Monthly Archives: August 2007

From the sublime to the ridiculous

Hmm, maybe that should be just from the ridiculous to the ridiculous… First ridiculous legal snippet: An American millionaire has left US$14.8M on trust for her white Maltese terrier, Trouble. But two of her grandchildren get nothing. The other two get $5M each (still less than the dog…) as long as they tend their father’s […]

It’s just wrong

A tall, broad-shouldered man strides onto the stage. He physically dominates the chamber orchestra behind him, partly through size, and partly through charisma. Some way over six feet, with dark hair and glasses, he clears his throat – a deep, baritone growl – and then begins to sing. Like a girl. The experts say that […]

When children kill

The question of when one can be held to be responsible as an adult is a vexed on in the law. In medieval times, one reached adulthood upon attaining the age of 7. There was no concept of the teenager until recent times. What happens when children kill? There was a tragic case in the […]

Limits on executive power

I venture into questions of migration law and executive power somewhat tentatively. They are far from my “comfort zone”. But I couldn’t help having a curious look at the case of Haneef v Minister for Immigration [2007] FCA 1273. The primary question in this decision is the interpretation of s 501(6)(b) of the Migration Act […]

Legalising abortion

The Victorian government has decided that it is going to decriminalise abortion in this state, and clarify the legal position. I’m glad. I think it’s best to be totally clear about the exact situations in which abortion will be legal or illegal. Much better than leaving things in a legal and moral vacuum. I do […]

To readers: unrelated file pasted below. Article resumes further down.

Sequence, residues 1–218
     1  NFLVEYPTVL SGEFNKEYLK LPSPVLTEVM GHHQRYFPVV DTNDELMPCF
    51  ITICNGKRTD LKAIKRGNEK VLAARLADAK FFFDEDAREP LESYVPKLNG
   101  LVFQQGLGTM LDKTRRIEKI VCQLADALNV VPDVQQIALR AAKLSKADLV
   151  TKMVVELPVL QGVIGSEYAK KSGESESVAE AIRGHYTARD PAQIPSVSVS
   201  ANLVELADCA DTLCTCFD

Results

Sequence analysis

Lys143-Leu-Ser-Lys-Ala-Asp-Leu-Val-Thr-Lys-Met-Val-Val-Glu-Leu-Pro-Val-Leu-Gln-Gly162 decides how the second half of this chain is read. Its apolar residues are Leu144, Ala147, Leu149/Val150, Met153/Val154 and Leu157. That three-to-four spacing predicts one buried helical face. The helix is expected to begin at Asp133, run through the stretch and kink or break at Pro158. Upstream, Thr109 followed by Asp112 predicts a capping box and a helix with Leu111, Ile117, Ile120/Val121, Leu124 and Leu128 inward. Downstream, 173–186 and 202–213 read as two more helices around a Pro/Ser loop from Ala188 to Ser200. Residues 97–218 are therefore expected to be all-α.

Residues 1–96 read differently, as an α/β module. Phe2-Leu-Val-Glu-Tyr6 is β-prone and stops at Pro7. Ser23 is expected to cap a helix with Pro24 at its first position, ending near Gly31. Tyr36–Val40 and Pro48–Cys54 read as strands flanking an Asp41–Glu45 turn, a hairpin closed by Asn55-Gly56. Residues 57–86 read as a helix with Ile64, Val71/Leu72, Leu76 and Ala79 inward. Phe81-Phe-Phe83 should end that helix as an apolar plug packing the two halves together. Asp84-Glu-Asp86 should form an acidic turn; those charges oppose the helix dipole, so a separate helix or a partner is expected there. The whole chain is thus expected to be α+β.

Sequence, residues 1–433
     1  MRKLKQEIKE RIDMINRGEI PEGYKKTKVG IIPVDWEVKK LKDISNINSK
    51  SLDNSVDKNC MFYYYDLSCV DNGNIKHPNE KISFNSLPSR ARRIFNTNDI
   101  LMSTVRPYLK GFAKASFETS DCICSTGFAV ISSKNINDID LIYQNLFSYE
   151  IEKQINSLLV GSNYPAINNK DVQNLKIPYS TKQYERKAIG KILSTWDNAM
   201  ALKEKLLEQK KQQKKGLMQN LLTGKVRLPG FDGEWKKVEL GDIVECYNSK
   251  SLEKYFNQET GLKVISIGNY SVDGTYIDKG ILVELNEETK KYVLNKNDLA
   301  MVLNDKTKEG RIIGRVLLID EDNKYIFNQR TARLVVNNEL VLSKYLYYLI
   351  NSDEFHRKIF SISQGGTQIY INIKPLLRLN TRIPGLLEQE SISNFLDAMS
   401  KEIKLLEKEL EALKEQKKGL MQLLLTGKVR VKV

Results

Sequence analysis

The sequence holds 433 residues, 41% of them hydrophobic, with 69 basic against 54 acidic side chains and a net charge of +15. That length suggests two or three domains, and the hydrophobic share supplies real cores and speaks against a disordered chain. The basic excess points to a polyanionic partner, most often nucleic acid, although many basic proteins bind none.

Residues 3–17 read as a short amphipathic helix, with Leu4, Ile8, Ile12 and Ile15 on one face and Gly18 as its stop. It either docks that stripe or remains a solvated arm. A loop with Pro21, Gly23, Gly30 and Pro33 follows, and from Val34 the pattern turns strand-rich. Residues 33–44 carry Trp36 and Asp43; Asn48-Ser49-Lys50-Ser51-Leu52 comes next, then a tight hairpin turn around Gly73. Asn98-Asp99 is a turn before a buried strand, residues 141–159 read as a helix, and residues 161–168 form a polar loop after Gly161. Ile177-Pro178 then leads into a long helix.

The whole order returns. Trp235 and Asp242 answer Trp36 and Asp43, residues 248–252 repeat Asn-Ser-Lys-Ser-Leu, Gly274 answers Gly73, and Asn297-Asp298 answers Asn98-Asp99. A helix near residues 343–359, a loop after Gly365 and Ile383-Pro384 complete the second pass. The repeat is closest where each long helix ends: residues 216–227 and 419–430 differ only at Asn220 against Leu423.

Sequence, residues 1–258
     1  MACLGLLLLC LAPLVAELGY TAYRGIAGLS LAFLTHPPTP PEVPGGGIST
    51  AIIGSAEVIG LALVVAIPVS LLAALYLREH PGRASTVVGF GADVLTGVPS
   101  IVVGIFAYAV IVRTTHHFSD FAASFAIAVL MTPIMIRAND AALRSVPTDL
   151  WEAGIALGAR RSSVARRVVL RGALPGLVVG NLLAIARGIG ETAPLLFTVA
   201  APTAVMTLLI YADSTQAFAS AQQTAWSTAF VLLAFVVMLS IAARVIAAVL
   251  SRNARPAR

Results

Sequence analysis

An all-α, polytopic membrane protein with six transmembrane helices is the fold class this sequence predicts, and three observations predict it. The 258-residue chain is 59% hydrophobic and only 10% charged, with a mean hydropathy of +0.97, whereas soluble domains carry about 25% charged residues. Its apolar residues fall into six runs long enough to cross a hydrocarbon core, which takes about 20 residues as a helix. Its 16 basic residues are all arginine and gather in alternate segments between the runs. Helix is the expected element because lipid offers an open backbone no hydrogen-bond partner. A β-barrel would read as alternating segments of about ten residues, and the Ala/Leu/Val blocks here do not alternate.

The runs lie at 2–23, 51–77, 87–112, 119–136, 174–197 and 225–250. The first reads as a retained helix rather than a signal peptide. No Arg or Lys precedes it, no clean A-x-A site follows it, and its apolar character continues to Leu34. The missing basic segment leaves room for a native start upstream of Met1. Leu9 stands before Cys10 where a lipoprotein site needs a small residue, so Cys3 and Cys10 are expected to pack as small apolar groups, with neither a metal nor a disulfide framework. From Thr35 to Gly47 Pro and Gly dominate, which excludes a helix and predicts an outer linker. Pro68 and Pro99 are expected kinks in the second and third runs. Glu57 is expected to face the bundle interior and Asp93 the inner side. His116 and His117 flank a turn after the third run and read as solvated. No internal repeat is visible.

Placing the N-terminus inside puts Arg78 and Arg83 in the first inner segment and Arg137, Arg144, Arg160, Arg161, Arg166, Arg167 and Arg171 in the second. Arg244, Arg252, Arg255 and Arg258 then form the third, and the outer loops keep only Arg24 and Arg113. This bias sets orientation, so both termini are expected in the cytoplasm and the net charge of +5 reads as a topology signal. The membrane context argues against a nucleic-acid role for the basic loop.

Kevin Rudd and the strip club

The mainstream media really gives me the pip sometimes. The recent reaction to the revelation that Kevin Rudd visited a strip club four years ago is one of those things which irritates me. If Rudd had misued his position of power in some way, perhaps there would be some reason for the incident to be […]

More on choosing judges

Women are represented in the law as judges, barristers, solicitors, attorneys-general, law makers and court administrators. They identify an issue quickly, focus on it and persuade rather than dictate. Mostly, women who work in the law are goal oriented. They readily identify their litigation goal, their judgment goal. Women provide perspective. They search out the […]

Jonathan Mills is a pretentious git, but The Bacchae is great

When Australian Jonathan Mills was appointed Director of the Edinburgh International Festival, arguably the world’s most high-powered arts job, not a few locals were shocked and a wee bit pissed off. Watching his excruciating ‘interview’ (billed as ‘conversations with artists’, supposedly designed to illuminate The Bacchae, or rather, the National Theatre of Scotland‘s innovative production) […]

Rat finks, be careful when you send flowers to your mistress

Thanks to my lovely Mum for pointing me to the crazy case of Leroy Greer, who is suing for giving his wife information about the long-stemmed roses which he had sent to his mistress months earlier. Greer alleges that he ordered the roses for his mistress via the online florist, and that they agreed […]

Facebook Freddi

I’ve recently become addicted to Facebook. It’s great. I’ve managed to get in touch with friends with whom I hadn’t spoken for almost 20 years, and to stay in better contact with others. Another friend of mine is less keen. “I’m really worried about the privacy issues”, she told me. Initially I wasn’t so concerned, […]